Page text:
Those fleets were war-gamed and the results were compiled into the Future Naval Force Study, which was briefed to Esper earlier this month. Ultimately, the Navy is using the feedback from the study to create their shipbuilding plan and fiscal 2022 budget request, the service said in a statement.
“The Future Naval Force Study is a collaborative OSD, Joint Staff and Department of the Navy effort to assess future naval force structure options and inform future naval force structure decisions and the 30-year shipbuilding plan,” said Navy spokesman Lt. Tim Pietrack. “Although COVID-19 has delayed some portions of the study, the effort remains on track to be complete in late 2020 and provide analytic insights in time to inform Program Budget Review 22.”
The April documents viewed by Defense News included notional fleets designed by CAPE and the Hudson Institute. Defense News did not have access to the Navy’s inputs into the FNFS. Neither fleet reviewed by Defense News, nor the fleet developed by the Navy, will be the final composition reflected in the FNFS. The numbers, however, provide a glimpse of the radically different future fleet likely to be reflected in the final analysis expected later this year.
Fewer carriers, more logistics
The fleets designed by the CAPE and Hudson teams agreed on the need to increase the number and diversity of ships while boosting vertical launch system capacity — while also holding the operations and sustainment cost of the fleet as steady as possible and avoid adding to the number of sailors required to operate it.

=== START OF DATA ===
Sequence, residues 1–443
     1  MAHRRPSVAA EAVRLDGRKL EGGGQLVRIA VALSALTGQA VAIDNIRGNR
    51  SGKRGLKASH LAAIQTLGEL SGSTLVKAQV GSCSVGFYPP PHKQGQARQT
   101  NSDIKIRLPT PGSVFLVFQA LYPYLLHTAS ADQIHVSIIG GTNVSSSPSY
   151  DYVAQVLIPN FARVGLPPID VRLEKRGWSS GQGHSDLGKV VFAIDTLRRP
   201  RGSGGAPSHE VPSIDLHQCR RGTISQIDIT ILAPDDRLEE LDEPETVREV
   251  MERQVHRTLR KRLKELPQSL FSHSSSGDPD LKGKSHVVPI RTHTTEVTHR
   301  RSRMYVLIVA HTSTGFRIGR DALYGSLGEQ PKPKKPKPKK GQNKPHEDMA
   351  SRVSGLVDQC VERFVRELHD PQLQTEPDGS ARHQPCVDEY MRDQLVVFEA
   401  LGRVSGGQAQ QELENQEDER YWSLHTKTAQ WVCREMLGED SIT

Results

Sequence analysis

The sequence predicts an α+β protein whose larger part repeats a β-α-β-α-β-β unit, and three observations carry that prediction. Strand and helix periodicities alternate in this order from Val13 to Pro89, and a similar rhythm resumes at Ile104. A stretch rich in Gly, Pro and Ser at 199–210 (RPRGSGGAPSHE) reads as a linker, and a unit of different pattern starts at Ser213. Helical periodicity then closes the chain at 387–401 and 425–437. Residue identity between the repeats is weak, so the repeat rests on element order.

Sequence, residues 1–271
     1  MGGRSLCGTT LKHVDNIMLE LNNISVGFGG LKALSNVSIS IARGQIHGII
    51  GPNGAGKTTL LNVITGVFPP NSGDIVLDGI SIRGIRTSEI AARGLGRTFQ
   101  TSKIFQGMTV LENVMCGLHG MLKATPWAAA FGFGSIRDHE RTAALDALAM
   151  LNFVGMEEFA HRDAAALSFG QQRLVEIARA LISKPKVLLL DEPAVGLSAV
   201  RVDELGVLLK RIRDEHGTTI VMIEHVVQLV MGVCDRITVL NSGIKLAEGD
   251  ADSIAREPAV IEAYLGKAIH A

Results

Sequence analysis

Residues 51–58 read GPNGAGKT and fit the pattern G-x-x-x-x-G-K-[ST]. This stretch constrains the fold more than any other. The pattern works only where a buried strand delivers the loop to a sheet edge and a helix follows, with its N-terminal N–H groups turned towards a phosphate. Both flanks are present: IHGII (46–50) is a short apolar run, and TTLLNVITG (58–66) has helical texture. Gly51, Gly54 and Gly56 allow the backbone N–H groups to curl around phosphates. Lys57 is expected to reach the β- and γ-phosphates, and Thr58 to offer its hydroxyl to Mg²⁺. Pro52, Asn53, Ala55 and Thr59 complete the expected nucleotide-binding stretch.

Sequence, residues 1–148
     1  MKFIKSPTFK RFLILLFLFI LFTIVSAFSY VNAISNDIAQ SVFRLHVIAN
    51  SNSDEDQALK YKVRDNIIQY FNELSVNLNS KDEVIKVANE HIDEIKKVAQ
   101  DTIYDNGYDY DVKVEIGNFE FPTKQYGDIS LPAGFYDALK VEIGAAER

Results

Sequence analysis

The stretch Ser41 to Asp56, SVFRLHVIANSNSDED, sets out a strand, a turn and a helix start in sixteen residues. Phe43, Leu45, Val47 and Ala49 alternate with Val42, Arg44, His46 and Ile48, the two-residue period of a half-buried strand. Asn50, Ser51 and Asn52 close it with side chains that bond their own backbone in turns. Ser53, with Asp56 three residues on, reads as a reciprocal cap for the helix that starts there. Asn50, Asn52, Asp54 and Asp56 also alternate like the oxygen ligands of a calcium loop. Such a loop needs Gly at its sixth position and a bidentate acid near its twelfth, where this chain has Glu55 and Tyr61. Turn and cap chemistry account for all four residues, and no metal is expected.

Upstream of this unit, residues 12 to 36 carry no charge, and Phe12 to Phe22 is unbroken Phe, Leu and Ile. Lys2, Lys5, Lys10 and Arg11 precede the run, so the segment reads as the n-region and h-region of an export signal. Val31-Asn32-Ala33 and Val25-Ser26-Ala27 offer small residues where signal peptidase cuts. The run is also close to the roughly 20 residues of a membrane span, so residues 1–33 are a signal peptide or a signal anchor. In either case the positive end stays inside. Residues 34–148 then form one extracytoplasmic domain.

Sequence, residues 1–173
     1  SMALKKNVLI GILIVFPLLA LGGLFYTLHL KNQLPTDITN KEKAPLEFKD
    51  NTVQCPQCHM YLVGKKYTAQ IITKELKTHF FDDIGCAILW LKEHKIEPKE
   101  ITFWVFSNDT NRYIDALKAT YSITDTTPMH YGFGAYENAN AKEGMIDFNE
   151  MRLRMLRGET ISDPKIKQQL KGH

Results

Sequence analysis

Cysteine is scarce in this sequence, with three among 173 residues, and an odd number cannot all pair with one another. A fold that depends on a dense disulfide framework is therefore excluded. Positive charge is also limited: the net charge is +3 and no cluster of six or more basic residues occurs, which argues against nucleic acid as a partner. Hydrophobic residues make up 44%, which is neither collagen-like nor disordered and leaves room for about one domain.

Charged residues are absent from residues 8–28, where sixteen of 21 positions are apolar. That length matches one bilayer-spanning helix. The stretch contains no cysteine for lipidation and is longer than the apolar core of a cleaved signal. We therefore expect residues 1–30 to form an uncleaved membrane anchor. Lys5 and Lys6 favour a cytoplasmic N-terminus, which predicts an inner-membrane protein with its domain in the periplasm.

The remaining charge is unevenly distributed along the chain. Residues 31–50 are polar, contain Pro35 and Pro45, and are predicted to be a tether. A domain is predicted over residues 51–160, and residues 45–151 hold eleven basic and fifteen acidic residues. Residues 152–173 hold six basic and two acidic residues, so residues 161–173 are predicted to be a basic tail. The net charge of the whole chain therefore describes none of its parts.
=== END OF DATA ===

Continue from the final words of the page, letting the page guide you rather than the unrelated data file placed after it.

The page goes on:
As of the April drafts, both the CAPE and Hudson Institute teams were supportive of shrinking the number of supercarriers to nine from the current 11, which would effectively give the country eight active carriers, with one carrier always in midlife overhaul and refueling. The Hudson study also called for investing in four light carriers.
The CAPE fleet called for between 80 and 90 large surface combatants, about the same level as today’s 89 cruisers and destroyers. Hudson looked to reduce the number slightly and instead fund more lightly manned corvettes, something Hudson has called for in the past.
The reports called for between 65 and 87 large unmanned surface vessels or optionally unmanned corvettes, which the Navy hopes will boost vertical launch system capacity to offset the loss over time of the Arleigh Burke-class destroyers and the four guided missile submarines.
Both fleets called for increased small surface combatants, with the CAPE study putting the upper limit at 70 ships. Hudson recommended a maximum of 56. The Navy’s 2016 Force Structure Assessment called for 52 small surface combatants.